The views of over 200 children (11–16 years old, who were either healthy or attending paediatric medical clinics with a chronic illness) on issues relating to paediatric clinical trials were determined by a questionnaire. Children with a chronic illness had a better understanding of the concept of dosing of medicines (40% vs 23%) and placebo (34% vs 20%). They were more likely to support children's involvement in clinical trials (51% vs 37%). The altruistic nature of children in both groups was similar. It was of concern, however, that 57–63% children would participate as healthy volunteers in a cancer drug trial. Both groups were able to differentiate between the different types of illnesses where it is appropriate to study medicines in children (86–89% for illness where there is no treatment; 34–40% for ‘me-too’ drugs). Young people should be given more opportunities to be involved in decision-making regarding clinical trials of medicines.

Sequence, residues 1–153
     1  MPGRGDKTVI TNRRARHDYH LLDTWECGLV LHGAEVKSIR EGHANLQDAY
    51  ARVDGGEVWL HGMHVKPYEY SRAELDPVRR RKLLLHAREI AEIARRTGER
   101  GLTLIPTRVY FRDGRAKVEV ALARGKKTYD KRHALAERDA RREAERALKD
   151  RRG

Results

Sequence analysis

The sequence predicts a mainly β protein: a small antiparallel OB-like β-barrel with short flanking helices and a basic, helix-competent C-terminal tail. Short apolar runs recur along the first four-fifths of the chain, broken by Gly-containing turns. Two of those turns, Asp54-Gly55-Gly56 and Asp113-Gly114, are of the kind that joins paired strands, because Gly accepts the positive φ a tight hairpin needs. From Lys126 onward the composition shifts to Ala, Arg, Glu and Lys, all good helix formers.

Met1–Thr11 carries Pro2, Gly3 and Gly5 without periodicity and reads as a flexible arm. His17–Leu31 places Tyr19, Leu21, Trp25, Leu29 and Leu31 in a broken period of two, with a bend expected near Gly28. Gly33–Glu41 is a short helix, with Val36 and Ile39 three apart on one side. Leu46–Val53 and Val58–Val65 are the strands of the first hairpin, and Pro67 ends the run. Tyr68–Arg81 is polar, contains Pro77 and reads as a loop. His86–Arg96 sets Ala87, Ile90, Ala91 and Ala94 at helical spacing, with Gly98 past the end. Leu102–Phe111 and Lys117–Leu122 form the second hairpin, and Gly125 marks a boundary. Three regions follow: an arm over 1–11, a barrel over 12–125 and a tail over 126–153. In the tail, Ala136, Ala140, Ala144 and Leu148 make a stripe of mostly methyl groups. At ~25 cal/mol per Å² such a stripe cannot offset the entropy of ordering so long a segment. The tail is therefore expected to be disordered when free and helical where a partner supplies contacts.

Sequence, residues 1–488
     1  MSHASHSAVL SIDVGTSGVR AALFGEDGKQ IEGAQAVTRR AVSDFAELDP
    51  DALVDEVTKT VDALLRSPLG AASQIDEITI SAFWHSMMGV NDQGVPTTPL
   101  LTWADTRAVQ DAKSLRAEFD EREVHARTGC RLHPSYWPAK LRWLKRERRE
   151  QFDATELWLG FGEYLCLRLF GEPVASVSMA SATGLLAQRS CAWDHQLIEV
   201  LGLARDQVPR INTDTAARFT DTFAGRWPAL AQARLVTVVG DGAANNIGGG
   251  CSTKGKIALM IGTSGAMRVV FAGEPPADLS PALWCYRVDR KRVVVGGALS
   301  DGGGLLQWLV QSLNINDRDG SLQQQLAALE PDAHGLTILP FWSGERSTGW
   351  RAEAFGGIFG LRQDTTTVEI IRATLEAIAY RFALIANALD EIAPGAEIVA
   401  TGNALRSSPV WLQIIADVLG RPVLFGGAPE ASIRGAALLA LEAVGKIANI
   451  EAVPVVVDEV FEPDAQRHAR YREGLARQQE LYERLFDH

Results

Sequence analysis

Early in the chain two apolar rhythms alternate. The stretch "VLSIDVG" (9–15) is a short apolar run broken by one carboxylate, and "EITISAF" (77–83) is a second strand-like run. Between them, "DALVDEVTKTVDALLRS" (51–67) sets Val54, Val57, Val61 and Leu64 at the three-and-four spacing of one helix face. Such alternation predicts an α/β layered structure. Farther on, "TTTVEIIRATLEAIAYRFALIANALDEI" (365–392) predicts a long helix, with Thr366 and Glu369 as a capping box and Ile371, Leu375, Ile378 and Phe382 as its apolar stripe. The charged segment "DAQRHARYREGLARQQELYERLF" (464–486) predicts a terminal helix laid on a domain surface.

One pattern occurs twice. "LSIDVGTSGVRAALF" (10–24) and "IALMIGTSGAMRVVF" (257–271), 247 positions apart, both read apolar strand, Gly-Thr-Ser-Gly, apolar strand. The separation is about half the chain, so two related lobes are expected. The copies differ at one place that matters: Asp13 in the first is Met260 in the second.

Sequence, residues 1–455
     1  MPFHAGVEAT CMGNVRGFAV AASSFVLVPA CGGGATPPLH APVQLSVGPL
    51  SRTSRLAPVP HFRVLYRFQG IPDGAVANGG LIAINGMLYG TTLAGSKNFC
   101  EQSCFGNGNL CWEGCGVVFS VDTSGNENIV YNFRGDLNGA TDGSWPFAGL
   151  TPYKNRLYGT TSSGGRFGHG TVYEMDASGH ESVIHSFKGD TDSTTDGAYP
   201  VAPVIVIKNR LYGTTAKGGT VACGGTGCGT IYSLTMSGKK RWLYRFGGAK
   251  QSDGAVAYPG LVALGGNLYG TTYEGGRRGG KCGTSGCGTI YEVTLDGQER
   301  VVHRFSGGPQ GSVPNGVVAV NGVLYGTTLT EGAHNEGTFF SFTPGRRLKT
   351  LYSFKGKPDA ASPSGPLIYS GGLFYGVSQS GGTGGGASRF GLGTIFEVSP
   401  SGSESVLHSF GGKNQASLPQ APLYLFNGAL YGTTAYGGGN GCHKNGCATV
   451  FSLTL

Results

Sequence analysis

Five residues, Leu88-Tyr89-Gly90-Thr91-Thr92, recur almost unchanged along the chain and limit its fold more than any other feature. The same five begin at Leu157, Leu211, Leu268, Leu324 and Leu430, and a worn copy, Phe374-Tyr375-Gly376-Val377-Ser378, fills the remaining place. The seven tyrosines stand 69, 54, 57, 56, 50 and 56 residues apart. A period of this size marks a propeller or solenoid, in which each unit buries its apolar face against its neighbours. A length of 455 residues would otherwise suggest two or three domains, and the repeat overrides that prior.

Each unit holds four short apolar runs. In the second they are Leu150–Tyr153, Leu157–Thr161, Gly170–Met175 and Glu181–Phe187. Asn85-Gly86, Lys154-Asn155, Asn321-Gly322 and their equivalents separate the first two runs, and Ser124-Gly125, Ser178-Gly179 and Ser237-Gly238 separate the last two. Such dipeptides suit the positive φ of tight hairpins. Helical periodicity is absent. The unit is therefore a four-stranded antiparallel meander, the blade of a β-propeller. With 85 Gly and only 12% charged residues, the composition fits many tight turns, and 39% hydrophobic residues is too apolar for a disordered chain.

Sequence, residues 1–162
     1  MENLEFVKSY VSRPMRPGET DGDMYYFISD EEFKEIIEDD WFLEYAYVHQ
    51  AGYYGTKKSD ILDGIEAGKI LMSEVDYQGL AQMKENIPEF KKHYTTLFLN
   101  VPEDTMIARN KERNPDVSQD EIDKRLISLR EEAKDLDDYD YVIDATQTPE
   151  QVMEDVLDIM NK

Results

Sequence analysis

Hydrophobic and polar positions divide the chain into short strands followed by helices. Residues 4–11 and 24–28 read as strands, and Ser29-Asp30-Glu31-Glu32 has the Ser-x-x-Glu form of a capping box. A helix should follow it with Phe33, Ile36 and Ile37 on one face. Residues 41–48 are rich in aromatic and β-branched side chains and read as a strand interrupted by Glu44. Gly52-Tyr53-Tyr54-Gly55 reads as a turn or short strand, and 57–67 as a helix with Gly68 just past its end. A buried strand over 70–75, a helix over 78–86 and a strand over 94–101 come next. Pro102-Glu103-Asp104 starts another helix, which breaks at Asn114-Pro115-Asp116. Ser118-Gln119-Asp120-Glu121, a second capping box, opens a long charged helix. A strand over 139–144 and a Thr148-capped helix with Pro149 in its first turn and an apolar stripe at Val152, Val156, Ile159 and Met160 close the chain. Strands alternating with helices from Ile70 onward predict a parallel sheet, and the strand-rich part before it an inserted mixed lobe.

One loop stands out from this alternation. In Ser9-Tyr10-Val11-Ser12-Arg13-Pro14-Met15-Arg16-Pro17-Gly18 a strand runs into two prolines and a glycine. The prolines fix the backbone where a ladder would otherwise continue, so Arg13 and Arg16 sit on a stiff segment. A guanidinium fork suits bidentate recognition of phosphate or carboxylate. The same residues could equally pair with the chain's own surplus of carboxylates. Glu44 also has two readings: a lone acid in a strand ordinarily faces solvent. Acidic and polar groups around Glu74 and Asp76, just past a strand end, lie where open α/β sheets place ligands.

Statistics from Altmetric.com
Competing interests None.
Ethics approval This study was conducted with the approval of the Derbyshire Research Ethics Committee (LREC Ref: 0203/469).
Provenance and peer review Not commissioned; externally peer reviewed.
If you wish to reuse any or all of this article please use the link below which will take you to the Copyright Clearance Center’s RightsLink service. You will be able to get a quick price and instant permission to reuse the content in many different ways.